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Monday, April 4th, 2011 . 12:09 pm | No Comments

Are we entering the Earth’s sixth mass extinction?

In the Earth’s past, there have been five mass extinctions, defined as times when 75% of the number of species are lost over a relatively short amount of time.  ANTHONY D. BARNOSKY, professor at the University of California, Berkely, has found in the present case, however, the rate of species loss is faster than it ever has been over evolutionary history, especially if the species currently listed as “threatened” aren’t rescued.

Anthony Barnosky
ANTHONY D. BARNOSKY, source: University of California, Berkely

Mass extinctions for amphibians could take as little as 240 years, 540 years for birds, and 330 years for mammals.  Mass extinctions seem especially hard on larger animals.  There is also the problem of “shifting baselines”, where it depends on what we are comparing present conditions to.  We may consider species richness to be quite normal now, when it is in fact very low, compared to pre-human times, based on the fossil record.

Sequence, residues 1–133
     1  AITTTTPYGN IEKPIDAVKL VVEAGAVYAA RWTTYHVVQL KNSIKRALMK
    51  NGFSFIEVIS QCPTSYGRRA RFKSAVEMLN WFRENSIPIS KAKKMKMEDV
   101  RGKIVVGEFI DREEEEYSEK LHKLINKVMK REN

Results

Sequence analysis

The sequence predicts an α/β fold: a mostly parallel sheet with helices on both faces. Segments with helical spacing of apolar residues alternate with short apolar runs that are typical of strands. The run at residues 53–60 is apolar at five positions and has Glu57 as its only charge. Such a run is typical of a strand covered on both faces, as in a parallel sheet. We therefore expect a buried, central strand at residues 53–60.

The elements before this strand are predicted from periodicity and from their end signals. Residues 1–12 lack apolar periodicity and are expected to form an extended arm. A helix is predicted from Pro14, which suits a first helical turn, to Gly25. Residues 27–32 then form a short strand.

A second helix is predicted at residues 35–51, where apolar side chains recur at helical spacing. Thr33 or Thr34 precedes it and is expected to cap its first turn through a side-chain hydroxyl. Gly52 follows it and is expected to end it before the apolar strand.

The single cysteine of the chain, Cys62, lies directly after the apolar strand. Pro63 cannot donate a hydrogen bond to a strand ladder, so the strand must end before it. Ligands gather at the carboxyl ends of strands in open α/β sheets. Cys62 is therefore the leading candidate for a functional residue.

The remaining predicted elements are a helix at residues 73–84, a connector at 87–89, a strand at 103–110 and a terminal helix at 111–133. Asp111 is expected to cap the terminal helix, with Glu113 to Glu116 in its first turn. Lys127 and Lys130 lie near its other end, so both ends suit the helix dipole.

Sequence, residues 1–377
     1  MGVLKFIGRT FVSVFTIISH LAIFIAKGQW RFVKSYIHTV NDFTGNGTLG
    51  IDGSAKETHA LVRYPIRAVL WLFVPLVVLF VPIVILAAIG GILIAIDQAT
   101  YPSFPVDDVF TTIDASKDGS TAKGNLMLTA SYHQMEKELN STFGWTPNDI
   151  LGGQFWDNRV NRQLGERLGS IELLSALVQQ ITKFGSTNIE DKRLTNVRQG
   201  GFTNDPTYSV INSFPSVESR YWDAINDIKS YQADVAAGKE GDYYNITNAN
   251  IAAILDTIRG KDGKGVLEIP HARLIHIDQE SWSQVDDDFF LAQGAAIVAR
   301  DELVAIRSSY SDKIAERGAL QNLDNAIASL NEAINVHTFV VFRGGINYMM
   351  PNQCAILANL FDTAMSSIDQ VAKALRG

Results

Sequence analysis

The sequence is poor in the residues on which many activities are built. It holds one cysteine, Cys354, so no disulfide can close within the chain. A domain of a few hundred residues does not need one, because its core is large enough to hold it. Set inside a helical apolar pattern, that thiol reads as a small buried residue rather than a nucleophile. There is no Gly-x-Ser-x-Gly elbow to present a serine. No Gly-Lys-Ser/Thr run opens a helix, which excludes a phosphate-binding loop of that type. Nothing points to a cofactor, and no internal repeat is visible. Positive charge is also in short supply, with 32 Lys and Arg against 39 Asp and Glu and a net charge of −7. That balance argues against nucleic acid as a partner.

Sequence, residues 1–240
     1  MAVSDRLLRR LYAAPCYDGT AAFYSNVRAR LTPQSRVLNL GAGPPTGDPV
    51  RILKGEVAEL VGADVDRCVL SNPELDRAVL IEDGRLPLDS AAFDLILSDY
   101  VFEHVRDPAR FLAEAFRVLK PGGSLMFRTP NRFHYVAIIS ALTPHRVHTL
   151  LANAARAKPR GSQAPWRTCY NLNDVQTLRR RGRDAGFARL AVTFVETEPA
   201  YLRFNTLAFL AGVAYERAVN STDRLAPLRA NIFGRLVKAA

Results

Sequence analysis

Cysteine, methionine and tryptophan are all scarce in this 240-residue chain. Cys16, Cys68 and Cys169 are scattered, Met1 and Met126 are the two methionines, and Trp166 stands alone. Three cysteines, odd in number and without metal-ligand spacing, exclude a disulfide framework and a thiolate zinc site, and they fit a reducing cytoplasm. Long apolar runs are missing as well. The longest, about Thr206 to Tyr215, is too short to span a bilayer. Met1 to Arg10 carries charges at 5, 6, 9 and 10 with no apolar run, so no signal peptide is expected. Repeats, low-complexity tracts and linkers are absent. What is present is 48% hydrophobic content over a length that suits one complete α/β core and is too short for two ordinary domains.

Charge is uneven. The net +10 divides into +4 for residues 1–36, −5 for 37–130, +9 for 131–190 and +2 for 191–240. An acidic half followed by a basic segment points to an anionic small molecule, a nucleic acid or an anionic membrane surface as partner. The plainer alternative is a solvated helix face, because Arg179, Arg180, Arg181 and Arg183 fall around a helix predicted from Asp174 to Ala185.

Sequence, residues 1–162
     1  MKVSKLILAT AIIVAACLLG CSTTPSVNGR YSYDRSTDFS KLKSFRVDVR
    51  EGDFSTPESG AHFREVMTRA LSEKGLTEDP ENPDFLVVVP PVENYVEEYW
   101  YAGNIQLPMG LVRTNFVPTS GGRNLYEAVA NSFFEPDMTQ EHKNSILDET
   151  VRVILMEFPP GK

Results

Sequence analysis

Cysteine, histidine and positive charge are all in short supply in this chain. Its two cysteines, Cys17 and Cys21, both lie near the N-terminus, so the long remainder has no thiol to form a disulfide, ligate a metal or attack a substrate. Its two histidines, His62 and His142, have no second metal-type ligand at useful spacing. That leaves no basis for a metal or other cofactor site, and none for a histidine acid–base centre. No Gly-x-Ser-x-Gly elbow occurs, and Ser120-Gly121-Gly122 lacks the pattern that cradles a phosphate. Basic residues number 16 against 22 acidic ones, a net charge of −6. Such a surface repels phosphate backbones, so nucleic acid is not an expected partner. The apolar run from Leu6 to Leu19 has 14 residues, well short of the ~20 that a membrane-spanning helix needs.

The range of grizzlies has been dramatically shrinking, and they are found in much fewer regions than they were in the past. © Antony D. Barnosky

The Big Five extinctions are characterized by factors such as climate conditions and ecological stressors, which can act together to dramatically worsen the problem.  Ecological stressors today, such as pollution, high carbon dioxide levels, too many humans, habitat loss, and overfishing, are more serious than current species have ever experienced.

If we work intensively now to prevent the extinction of species listed as “critically endangered”, “endangered”, and “vulnerable”, this looming sixth mass extinction event could still be avoided.

For more information, refer to the newscenter of UC, Berkeley or read the abstract of the recent Nature paper.

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